Remote work is on the rise, and it’s easy to see why. As a company, you save on the overhead fees of an office space rental, electricity, supplies and more. As a remote worker, you eliminate your commute and get to work on your own schedule. You can make time during the day to run errands or for emergencies, or you can work at night when you’re most productive.
Before you land your ideal remote job, you have to master the art of remote interviews. Preparing with common questions and understanding the interview from your potential employer’s perspective will give you an advantage.
What to Expect
Companies with distributed teams want to know a few things, including how well you work remotely. They look for five key characteristics in their employees.
Accountability: Employers look for a remote worker who takes responsibility for their projects and tasks. This means they understand what has to be done and take the initiative to do it.
Communication Skills: These are vital when working remotely, because you won’t be in the office with your peers while you work. Instead of asking your colleague something one desk over, you’ll have to proactively communicate when you have questions or need clarification. Without body language or the cues from in-person interactions, good communication skills are needed to avoid miscommunication.
Technical Skills: These are the skills you need to do your job well. If you are applying for a design job, your technical skills will be the ability to create graphics, portray messages and meaning, and balance colors and typography to achieve the look your client wants.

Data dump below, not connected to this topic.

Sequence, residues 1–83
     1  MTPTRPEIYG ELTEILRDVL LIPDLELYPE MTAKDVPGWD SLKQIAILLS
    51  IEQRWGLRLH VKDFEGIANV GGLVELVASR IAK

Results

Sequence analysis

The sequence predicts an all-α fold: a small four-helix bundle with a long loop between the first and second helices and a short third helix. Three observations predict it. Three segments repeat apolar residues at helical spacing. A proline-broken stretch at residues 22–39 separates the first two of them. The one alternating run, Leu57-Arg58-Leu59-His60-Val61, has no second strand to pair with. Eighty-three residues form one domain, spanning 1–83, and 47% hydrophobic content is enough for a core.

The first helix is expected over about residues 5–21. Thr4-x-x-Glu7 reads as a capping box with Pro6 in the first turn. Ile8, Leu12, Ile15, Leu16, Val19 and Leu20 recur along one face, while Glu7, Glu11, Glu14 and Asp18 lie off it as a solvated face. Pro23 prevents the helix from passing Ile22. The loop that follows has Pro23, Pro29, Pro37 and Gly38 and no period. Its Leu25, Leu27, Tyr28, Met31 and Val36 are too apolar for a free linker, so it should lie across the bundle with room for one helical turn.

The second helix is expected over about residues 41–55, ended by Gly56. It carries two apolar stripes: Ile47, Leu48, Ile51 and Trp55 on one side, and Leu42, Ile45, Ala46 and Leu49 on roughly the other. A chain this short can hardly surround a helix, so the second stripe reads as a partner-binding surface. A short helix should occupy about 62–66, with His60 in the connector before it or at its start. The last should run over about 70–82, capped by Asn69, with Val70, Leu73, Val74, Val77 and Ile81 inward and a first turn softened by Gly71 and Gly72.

Proactive Reporting: Remote workers need to send comprehensive reports so that managers get clear insight into the work being done. This includes time reports for any employees who are billing hourly, and status reports on projects.
Care: Remote employees may feel more disconnected to the company, since it’s harder to build company culture in a distributed team. Because of this, employers tend to want someone who cares about the business and their mission, in order to keep remote workers motivated. For example, if you already use the company’s product or service, it can show that you’re invested in the business.
What is your schedule like? – Employers want to know when you will be available, and how many hours a week you can contribute.
What’s your remote work experience? – This is to gauge how well you can work remotely, which is a skill in itself.
Are you seeking a full-time job or just a side project? – This is to determine the type of setup your business will have.
What is your office setup like? – It differs from person to person, but you may not be as productive working exclusively from coffee shops as you would be working with a dedicated office.
What tools do you use? – This question leads to two discussions; whether any of the tools you use overlap with the tools that their team uses, and whether you are willing to use their tools. For example, they may ask if you’re willing to use a time tracking tool, if you aren’t already.
Below is an infographic on remote interviews with valuable tips from Hubstaff, which is a time tracking software company whose team is 100% remote.